Energy calculator for computers.


PrOuD InDiAn
4 May 2008
There are online energy calculators available on the internet such as the Extreme power supply calculator. All you have to do is punch in the detailed configuration of your PC or laptop and click the calculate button. The aggregate of power consumed by all the components is displayed.

Link:- Extreme power supply calculator
Tells me my PC uses 621W :) Seems I may need to upgrade my PSU soon. Thats a bit close to its 650W maximum output.
Mine's at 410W

So I'm good with my 600W PSU. :D
Well mine comes out at about 300W - well below my maximum. These calculators always come out way below what I expect (esp. this time with the 9800GTX!), I wonder if I'm forgetting about something!

It still annoys me that they refer to current as 'amperage' though :p
current (kûr'?nt)

1. A flowing movement in a liquid, gas, plasma, or other form of matter, especially one that follows a recognizable course.
2. A flow of positive electric charge. The strength of current flow in any medium is related to voltage differences in that medium, as well as the electrical properties of the medium, and is measured in amperes. Since electrons are stipulated to have a negative charge, current in an electrical circuit actually flows in the opposite direction of the movement of electrons. See also electromagnetism, Ohm's law. See Note at electric charge.

Our Living Language : Electric current is the phenomenon most often experienced in the form of electricity. Any time an object with a net electric charge is in motion, such as an electron in a wire or a positively charged ion jetting into the atmosphere from a solar flare, there is an electric current; the total current moving through some cross-sectional area in a given direction is simply the amount of positive charge moving through that cross-section. Current is sometimes confused with electric potential or voltage, but a voltage difference between two points (such as the two terminals of a battery) means only that current can potentially flow between them; how much does in fact flow depends on the resistance of the material between the two points. Electrical signals transmitted through a wire generally propagate at nearly the speed of light, but the current in the wire actually moves very slowly: pushing electrons into one end of the wire is rather like pushing a marble into one end of a tube filled with marbles—a marble (or electron) gets pushed out the other end almost instantly, even though the marbles (or electrons) inside move only incrementally.
The American Heritage® Science Dictionary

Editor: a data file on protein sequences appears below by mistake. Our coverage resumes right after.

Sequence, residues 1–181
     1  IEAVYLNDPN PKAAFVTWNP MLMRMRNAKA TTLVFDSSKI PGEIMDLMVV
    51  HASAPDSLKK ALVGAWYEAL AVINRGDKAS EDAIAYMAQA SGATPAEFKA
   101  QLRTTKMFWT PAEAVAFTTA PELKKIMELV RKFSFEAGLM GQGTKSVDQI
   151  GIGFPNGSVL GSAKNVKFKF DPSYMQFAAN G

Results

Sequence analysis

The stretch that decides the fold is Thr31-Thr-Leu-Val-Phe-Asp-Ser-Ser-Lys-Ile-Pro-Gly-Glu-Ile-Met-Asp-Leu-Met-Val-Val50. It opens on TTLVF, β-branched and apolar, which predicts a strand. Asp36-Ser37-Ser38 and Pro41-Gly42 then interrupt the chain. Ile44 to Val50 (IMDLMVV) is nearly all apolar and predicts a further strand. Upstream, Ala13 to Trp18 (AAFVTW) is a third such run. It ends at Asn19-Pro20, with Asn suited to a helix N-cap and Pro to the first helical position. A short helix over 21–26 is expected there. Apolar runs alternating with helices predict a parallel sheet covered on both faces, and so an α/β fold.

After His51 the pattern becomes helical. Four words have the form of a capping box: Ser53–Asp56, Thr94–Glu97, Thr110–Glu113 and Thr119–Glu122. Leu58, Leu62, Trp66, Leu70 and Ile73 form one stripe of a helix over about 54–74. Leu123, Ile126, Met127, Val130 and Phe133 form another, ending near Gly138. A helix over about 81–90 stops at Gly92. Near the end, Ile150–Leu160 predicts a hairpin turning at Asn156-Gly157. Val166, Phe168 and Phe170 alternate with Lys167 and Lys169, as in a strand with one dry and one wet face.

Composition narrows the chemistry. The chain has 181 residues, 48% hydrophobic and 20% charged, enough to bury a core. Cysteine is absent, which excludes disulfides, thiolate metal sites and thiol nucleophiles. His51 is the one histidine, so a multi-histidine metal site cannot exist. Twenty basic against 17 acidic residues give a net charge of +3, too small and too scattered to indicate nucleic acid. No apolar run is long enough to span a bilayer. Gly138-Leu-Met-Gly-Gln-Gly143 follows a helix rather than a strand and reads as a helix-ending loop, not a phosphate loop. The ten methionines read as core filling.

Copyright © 2002 by Houghton Mifflin Company.
Published by Houghton Mifflin Company. All rights reserved.

Main Entry: Ohm's law
Pronunciation: 'Omz-
Function: noun
: a law in electricity: the strength or intensity of an unvarying electrical current is directly proportional to the electromotive force and inversely proportional to the resistance of the circuit


E = Voltage Volts
I = Amperage (amps)
R = Resistance (Ohms)

Amperage is current

Electric current is the flow (movement) of electric charge. The SI unit of electric current is the ampere, and electric current is measured using an ammeter. For the definition of the ampere, see the Ampere article.


The ampere, in practice often shortened to amp, (symbol: A) is a unit of electric current, or amount of electric charge per second. The ampere is an SI base unit, and is named after André-Marie Ampère, one of the main discoverers of electromagnetism.


The Ampere is a unit of current. The term amperage is looking for current expressed in amperes.
Current can also be expressed in coulombs per second, which is what Amperes are.
Volts are expressed in Joules per coulomb.

My head hurts now. :(
Heh heh heh, yeah, and they get to be the size of baseballs, and just as hard. :D
Thanks for the link. I was just talking about this today. I guess I am fine. :)
those magnets seem cool, man! thanks for the info

too bad we only get to play with electromagnets :p hehe
Lol i got 249 watts needed.. I have a 400 w powersupply and it says theres no power for additional devices in the free USB-drives.. Hmm?...
The power supplied to the USB drives isn't necessarily dependent on the power supply. The USB specifications, plus the motherboard really determine that. After all, those thin circuit board traces can only take so much amperage before they burn up, so the USB specifications are there to limit the maximum each USB port is supposed to supply, and it's up to the chipset/motherboard manufacturer to implement it to specifications.

Which is why some high-power USB devices will have a dual USB dongle so you can draw power from two USB ports instead of just one.

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Also Hi EP and people. I found this place again while looking through a oooollllllldddd backup. I have filled over 10TB and was looking at my collection of antiques. Any bids on the 500Mhz Win 95 fix?
Any of the SP crew still out there?
Xie wrote on Electronic Punk's profile.
Impressed you have kept this alive this long EP! So many sites have come and gone. :(

Just did some crude math and I apparently joined almost 18yrs ago, how is that possible???
hello peeps... is been some time since i last came here.
Electronic Punk wrote on Sazar's profile.
Rest in peace my friend, been trying to find you and finally did in the worst way imaginable.

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